Biden, Clinton and others pay tribute to the late Senate Majority Leader Harry Reid

Obama attributed his presidency in part to Reid's influence

NEWYou can now listen to Fox News articles!

Tributes poured in from political leaders after news broke Tuesday that former Senate Majority Leader Harry Reid died at the age of 82.

President Biden said in a statement late Tuesday that although he and his former colleague in the Senate come from opposite sides of the country, they found a common bond based on "loyalty, faith, resolve and service."

"If Harry said he would do something, he did it," the president's statement said. "If he gave you his word, you could bank on it. That's how he got things done for the good of the country for decades."

He called Reid one of the country's all-time great Senators.

CHAD PERGRAM: REID WAS A TOUGH FIGHTER, UNLESS THE CONVERSATION TURNED TO RESTAURANTS IN LAS VEGAS

"A boxer, he never gave up a fight—whether in politics or even against cancer. A great American, Harry looked at the challenges of the world and believed it was within our capacity to do good, to do right, and to do our part of perfecting the Union we all love," Biden said.

Former President Barack Obama said that without Reid he would not have been president, releasing a letter he had written to Reid in lieu of a statement.

"You were a great leader in the Senate, and early on you were more generous to me than I had any right to expect," Obama wrote in part. "I wouldn’t have been president had it not been for your encouragement and support, and I wouldn’t have got most of what I got done without your skill and determination."

Former President Barack Obama hugs former Sen. Harry Reid before speaking during the National Clean Energy Summit 8.0 in Las Vegas, Nevada, Aug. 24, 2015. (Photo by JIM WATSON/AFP via Getty Images)

Former President Barack Obama hugs former Sen. Harry Reid before speaking during the National Clean Energy Summit 8.0 in Las Vegas, Nevada, Aug. 24, 2015. (Photo by JIM WATSON/AFP via Getty Images)

Obama went on to describe himself and Reid as "a pretty good team."

SANDERS ONCE THREATENED TO PRIMARY OBAMA, PROMPTING REID'S INTERVENTION: REPORT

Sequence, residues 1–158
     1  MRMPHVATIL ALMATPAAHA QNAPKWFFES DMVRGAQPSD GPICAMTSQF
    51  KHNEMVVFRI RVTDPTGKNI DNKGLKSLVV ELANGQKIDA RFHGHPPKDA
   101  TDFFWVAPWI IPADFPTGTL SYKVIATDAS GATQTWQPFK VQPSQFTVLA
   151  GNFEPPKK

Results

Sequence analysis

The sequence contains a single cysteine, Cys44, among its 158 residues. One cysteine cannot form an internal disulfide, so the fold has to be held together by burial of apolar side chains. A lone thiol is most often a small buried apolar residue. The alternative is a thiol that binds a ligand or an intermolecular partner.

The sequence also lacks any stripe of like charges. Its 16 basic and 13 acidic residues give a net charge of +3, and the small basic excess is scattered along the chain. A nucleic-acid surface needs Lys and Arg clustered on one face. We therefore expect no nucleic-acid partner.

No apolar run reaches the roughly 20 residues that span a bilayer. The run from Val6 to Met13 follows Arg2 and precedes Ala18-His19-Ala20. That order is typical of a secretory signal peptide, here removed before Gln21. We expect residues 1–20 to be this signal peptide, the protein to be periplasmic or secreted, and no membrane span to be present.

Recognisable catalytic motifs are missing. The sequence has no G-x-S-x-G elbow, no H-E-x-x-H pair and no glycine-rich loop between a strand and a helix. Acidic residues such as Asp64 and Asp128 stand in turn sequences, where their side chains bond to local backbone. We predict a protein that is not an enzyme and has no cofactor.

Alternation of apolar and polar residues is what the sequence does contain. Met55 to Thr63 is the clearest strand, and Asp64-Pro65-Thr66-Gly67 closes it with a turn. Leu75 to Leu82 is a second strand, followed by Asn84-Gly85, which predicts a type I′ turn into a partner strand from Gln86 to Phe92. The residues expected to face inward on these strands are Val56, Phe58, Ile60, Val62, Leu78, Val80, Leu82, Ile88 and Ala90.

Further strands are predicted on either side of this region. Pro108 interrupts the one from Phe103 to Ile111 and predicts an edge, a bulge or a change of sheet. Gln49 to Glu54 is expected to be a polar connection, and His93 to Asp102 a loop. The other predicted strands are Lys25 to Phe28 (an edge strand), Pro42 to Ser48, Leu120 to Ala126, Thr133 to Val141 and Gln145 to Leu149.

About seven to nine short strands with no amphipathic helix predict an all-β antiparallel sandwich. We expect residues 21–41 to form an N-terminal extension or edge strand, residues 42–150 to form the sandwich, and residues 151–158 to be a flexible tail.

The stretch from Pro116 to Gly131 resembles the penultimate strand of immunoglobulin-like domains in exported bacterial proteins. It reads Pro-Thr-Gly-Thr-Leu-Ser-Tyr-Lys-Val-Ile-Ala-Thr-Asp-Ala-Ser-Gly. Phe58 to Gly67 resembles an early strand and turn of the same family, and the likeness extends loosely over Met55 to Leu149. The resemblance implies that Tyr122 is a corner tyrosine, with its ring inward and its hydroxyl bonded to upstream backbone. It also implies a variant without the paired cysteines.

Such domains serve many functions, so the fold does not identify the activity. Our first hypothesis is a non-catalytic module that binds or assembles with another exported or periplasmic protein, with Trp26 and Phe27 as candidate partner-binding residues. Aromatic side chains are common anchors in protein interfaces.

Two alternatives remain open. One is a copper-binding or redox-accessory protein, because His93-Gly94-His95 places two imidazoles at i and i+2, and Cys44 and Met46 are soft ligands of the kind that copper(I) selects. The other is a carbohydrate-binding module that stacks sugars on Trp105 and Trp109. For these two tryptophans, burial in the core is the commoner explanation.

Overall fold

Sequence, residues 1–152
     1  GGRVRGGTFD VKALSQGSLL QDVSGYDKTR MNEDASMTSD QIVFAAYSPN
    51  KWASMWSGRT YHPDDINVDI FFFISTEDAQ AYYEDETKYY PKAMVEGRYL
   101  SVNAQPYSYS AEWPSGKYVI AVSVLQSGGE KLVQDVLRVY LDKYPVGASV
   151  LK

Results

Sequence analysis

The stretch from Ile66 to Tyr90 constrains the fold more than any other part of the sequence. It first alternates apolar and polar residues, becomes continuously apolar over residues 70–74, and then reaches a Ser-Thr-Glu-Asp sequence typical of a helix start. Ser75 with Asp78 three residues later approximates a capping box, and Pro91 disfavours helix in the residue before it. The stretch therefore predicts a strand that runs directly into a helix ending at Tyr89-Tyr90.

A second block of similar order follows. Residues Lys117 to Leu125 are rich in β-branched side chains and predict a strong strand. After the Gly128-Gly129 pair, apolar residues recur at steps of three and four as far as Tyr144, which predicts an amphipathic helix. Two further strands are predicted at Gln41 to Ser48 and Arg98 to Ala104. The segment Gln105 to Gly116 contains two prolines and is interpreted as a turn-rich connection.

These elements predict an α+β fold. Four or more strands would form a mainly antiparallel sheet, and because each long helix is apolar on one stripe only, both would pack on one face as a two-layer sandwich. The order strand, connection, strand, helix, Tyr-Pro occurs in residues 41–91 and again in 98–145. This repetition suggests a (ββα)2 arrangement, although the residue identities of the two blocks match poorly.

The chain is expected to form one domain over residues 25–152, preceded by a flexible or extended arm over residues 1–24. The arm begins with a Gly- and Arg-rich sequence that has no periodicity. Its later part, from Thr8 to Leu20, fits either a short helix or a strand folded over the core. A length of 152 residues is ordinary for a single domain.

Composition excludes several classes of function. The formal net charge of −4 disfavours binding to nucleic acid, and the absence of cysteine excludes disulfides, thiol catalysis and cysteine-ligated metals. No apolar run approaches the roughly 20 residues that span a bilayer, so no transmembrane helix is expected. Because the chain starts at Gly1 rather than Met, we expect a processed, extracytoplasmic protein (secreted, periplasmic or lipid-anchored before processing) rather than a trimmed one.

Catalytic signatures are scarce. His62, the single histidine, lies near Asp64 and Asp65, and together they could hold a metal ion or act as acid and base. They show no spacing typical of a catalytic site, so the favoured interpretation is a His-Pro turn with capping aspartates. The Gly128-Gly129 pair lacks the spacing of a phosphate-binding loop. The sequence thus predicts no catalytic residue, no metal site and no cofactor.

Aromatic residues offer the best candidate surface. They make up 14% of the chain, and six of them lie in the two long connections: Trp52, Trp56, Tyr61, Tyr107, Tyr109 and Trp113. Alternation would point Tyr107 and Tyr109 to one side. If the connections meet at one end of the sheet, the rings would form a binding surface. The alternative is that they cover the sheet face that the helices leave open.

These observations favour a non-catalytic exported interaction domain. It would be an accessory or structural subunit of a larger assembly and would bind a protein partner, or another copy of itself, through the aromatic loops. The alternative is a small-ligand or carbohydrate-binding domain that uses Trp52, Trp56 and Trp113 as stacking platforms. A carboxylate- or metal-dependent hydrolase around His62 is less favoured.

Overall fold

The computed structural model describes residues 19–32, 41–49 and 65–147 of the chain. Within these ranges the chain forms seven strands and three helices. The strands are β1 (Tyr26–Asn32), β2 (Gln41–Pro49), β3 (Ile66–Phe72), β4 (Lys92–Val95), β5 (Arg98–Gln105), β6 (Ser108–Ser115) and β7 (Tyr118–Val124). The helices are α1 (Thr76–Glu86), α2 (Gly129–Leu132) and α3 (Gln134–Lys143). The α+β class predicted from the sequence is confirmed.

Former President Bill Clinton likewise mourned the passing of the former Nevada senator, calling him "one of the most effective Senate leaders our country has ever known."

"He was a canny and tough negotiator who was never afraid to make an unpopular decision if it meant getting something done that was right for the country," Clinton wrote. He also mentioned how Reid and his wife Hillary served together in the Senate and said he "will always be grateful for the opportunities I had to work with him as President."

Senate Majority Leader Chuck Schumer also extolled his predecessor, describing him as "one of the most amazing individuals I've ever met."

Former U.S. Sen. Harry Reid speaks from the witness stand, Thursday, March 28, 2019, in Las Vegas. Reid testified in his negligence lawsuit against the maker of an exercise device. (AP Photo/John Locher)

Former U.S. Sen. Harry Reid speaks from the witness stand, Thursday, March 28, 2019, in Las Vegas. Reid testified in his negligence lawsuit against the maker of an exercise device. (AP Photo/John Locher)

Referring to Reid's youth as a boxer, Schumer said Reid "came from humble origins, but he never forgot where he came from and used those boxing instincts to fearlessly fight those who were hurting the poor and the middle class."

Schumer went on to describe Reid as "my leader, my mentor, one of my dearest friends."

House Majority Whip James Clyburn, D-S.C., said he was saddened to hear of Reid's passing and described him as "a giant, whose years of determined service on behalf of the people of Nevada strengthened our entire nation."

Sen. Cory Booker, D-N.J., said, "Harry Reid was a mentor to me and a towering model of leadership, grit, and uncompromising service to others."

A Democrat representing Nevada, Reid served as senate majority leader from 2007 to 2015. He became well-known for his use of the "nuclear option" in 2013, leading the charge to end the filibuster on executive branch nominees and judicial nominees other than to the Supreme Court.

CLICK HERE TO GET THE FOX NEWS APP

Reid was first elected in 1969, serving in the Nevada Assembly until 1971. He then served as lieutenant governor of Nevada from 1971 to 1975 before being elected to serve Nevada's first district in the U.S. House of Representatives in 1982. He was first elected to the Senate in 1987.

Fox News' Michael Lee and Edmund DeMarche contributed to this report.